May 4-10 is National Hospice Palliative Care Week, with a goal of heightening awareness of hospice palliative care in Canada.
For those who do not know what it is, hospice palliative care is a holistic, or whole-person, type of health care that aims to relieve suffering and improve the quality of living and dying for terminally ill persons and their important ones. It is a combination of physical care (e.g., good pain control and symptom management) and compassionate care (e.g., emotional support, companionship and practical assistance), intended to help dying persons and their important ones to live as fully as possible when a cure is no longer an option.
The week kicks off with a Hike for Hospice. On Sunday, May 4, at 2 p.m., the Tantramar Hospice Palliative Care Organization (THPCO) is holding its second annual Hike for Hospice. Starting at Sackville Town Hall, hikers will wind their way through the streets of Sackville raising funds to help THPCO support the provision of visiting volunteer and bereavement support services in the Tantramar community.
For more information about the hike and/or to download a pledge sheet, please visit THPCO’s website at thpco.ca and go to the “events” page).
Pledge sheets are also available at the Bell Aliant Store at 100 Main Street.
The theme for this year’s National Hospice Palliative Care Week is “Busting the Myths About Hospice Palliative Care”.
Some examples of common myths are:
– Myth: Receiving hospice palliative care means you will die soon. Truth: Hospice palliative care is not just for the last few days, weeks, or months of life. It is designed to help dying persons make the most of whatever time they have left. The earlier hospice palliative care is started, the greater the benefits for both patients and families. Indeed, families often wish they had accessed hospice palliative care services earlier. Hospice palliative care focuses on caring, not curing.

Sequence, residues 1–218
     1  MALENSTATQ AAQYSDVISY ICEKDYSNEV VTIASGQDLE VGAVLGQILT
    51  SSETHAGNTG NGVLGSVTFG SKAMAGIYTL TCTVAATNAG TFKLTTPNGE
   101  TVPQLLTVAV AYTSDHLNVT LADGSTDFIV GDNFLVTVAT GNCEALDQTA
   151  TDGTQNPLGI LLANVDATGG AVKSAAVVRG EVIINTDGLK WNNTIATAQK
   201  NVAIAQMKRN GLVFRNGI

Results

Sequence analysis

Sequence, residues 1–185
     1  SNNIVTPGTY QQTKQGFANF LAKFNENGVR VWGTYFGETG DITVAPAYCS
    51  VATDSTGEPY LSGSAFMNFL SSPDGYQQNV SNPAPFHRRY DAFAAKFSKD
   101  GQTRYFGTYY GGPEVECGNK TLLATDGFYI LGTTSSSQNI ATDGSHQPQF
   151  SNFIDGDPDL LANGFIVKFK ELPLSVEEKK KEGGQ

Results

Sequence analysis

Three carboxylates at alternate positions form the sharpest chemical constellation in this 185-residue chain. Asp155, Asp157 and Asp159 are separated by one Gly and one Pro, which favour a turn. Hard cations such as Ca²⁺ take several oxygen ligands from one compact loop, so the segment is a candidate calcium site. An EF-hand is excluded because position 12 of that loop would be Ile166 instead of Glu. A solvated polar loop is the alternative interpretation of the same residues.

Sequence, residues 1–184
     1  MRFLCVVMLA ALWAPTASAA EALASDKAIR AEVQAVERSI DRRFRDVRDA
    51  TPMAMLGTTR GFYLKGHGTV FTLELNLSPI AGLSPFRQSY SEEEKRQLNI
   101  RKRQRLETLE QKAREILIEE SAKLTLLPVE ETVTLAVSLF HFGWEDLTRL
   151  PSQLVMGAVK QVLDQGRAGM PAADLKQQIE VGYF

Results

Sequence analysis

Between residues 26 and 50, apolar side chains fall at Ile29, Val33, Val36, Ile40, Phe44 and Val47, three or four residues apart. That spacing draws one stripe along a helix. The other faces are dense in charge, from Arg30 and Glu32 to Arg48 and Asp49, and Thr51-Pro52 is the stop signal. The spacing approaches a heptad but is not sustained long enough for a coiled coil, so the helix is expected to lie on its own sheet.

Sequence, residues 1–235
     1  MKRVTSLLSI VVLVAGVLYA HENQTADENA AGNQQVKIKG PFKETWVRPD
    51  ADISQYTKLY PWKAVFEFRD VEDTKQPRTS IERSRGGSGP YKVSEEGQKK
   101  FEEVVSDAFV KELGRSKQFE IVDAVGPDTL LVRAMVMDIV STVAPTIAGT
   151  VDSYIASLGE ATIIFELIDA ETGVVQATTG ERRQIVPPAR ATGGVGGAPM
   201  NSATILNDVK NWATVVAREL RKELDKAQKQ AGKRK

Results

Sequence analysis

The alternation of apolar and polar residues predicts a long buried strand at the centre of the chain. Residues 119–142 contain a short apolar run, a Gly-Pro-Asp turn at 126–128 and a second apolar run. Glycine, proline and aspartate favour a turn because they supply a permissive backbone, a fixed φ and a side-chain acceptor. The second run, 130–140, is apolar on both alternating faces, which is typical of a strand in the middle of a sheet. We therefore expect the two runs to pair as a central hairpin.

– Myth: I can only get hospice palliative care services in hospital. Truth: Hospice palliative care services are available in many places, including hospitals, long-term care facilities, residential hospices, and in the dying person’s own home. Hospice palliative care can be provided in the setting that best meets the needs of each patient and their family. Although most Canadians say they would prefer to die at home (surrounded by their loved ones), 70 per cent of Canadians die in a hospital.
– Myth: Hospice palliative care is just for seniors. Truth: Hospice palliative care is provided to people of all ages. Infants, children, young people, and middle-aged people die too. Hospice palliative care ensures that all Canadians, no matter their age, receive quality end of life support and care.
As Stephen Claxton-Oldfield, the chair of THPCO notes, “People don’t like to think about hospice palliative care until they need it for themselves or for a loved one. We needs campaigns like this to raise public awareness of hospice palliative care, so people know what services are available before they need them.”
To learn more about some of the hospice palliative care services available in the Tantramar region and how to access them, visit thpco.ca and go to the “services” page.